This is all just a long way to say that I stumbled across something new to try – Finding Your Signature Strength. Actually this is something that I already know, and have worked on for some time. But I haven’t followed an organized approach. One idea, a miracle cure for depression apparently, is to take your top signature strength and use it in a new way.

This seems a bit vague – use your signature strength in a new way…when? How often? For how long? Well, seeing that my signature strength turns out to be “Creativity, Ingenuity, Originality” (you can take your own test here) I suppose I can make my own answers.

I’ll let you know how it goes.

Reset Button

My astute reader will note that I haven’t posted for a while.

Fact is, I’m burnt out. An emotional cinder. Extra crispy.

Too many irons in the fire. Too many candles burning at both ends. Too much heat, not enough light.

So today I decided to hit the reset button. I purged all the items off my to-do list and am starting fresh.

Right now the number one thing on my radar is dealing with the poor little dog’s horrible flea problem. All this scratchy-scratchy-scratch and thumpy-thumpy-thump is keeping me up at night.

Sunday Sermon: God’s Weekend Project

Horrendous Collection of Unfinished Projects

Horrendous Collection of Unfinished Projects

I’ve been conducting a little experiment for the past couple of months – reading the Bible as if I was having a direct conversation with God. For instance, I’ll ask a question and then see if my daily Bible reading has the answer. Now I’m sure some of you may consider this to be like playing Magic 8-Ball with a 2,500 year old piece of poetry. Some may figure that I’ve just bought myself an EZ Pass to Son-of-Sam-Land. I’ll send you a postcard when I get there.

My way of thinking is that Jesus told his followers to ask for whatever they wanted and it would be given to them. This seems to indicate that at the very least the practice of following Jesus is supposed to be dialectical.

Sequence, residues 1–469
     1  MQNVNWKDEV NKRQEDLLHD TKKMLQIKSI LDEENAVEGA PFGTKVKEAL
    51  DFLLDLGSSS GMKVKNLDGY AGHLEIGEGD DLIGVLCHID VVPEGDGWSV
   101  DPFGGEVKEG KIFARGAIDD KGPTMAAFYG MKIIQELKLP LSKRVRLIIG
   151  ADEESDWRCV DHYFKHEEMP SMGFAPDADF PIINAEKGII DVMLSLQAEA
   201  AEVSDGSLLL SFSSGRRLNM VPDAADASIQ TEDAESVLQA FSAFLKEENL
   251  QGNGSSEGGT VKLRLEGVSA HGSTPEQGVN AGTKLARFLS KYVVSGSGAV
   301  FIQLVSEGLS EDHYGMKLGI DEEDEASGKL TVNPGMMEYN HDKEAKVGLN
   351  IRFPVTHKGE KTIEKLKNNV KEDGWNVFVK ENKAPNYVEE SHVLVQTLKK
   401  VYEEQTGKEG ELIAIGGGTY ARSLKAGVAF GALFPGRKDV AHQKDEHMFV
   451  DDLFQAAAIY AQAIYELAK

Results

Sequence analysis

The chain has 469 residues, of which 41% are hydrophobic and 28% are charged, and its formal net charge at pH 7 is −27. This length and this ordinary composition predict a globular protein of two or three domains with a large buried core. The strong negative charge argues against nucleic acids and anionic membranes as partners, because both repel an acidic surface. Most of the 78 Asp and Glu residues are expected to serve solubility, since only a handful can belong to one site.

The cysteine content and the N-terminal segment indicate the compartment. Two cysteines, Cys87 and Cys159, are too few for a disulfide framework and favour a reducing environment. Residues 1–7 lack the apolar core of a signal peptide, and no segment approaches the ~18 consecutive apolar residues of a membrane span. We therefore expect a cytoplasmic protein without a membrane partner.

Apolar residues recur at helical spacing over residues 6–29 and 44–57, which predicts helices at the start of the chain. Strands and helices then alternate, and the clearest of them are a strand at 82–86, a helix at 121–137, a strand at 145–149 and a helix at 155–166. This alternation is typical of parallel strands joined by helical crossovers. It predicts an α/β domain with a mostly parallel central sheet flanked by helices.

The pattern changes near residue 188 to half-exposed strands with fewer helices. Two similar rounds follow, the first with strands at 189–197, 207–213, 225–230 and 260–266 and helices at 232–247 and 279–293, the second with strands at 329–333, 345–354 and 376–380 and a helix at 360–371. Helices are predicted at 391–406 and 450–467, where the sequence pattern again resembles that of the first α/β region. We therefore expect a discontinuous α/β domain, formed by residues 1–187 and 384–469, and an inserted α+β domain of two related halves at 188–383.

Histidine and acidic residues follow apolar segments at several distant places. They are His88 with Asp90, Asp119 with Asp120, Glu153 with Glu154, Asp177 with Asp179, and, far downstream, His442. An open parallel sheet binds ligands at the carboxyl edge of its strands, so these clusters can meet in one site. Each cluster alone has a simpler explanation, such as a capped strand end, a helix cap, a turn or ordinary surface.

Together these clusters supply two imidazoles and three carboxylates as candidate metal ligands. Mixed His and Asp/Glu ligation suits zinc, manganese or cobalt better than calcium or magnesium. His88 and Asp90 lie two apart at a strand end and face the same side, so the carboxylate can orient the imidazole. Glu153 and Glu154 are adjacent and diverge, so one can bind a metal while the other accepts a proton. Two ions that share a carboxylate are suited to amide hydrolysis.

Let me cut to the chase here and say that yesterday I was reading from my friend Tom’s superb devotional Fearless: 40 Reflections on Fear, illustrated with very nice surf photography by his brother Hank Foto. Yesterday’s assignment was this: As you pray today, ask God to show you areas in your life that He would like to change so that you might experience the full joy of being His child.

I went about the morning piddling and tinkering on little projects, not making any real headway on any one thing. When I went out to take the dog to the groomer I noticed a little puddle of water seeping out from under the garage door. I figured it was a leftover from Friday’s freak rainstorm. Still, I decided that I would follow the stream back to its source…wouldn’t you know it but our 7-year water heater decided to expire two weeks shy of its seventh birthday.

Suddenly and rather pointedly I am aware of an area of my life that needs changing – my garage needs to be cleaned out so that the repairman can get to the water heater. So I’ve spent that last few hours shoving crap from one corner to another wondering what it means that God wants me to clean out my garage. But as I was cramming an unfinished kayak back up into the rafters another thought came to me. I didn’t ask God what I should be working on. I specifically asked him what He wanted to work on.

If this is true, if the word of God is living and active, then it would appear that God wants to work on, and hopefully bring some healing to, some weird part of my soul that is connected to the crapheap in my garage. This, I suppose, is what they mean when they say God moves in mysterious ways.

End of the Road for Bodie State Park?

Abandoned truck at Bodie "ghost town"

California’s dire budget crisis has left vacationers with the very real fear that up to 220 California State Parks could be closed by the end of the season this September. Right now there’s no telling whether this is a political power play on the part of Governor Schwarzenegger, or how many parks would actually be closed.

But consider a worst-case scenario – what would happen to the well-presevered mining town of Bodie, California if state funds dry up and the area goes unprotected? It’s not too far a stretch to think that it could go the way of Burro Schmidt’s cabin, pulled apart by scavenging tourists to decorate their rumpus rooms back in the suburbs. Once an oddball museum preserved by the desert air, a real hard rock miner’s workshop, Schmidt’s cabin has been picked clean by souvenir seekers.

The threat of State Park closure may be exagerated. If not, it will be an interesting little experiment to see how long these carefully kept treasures can hold up without the overseeing eye of our state government.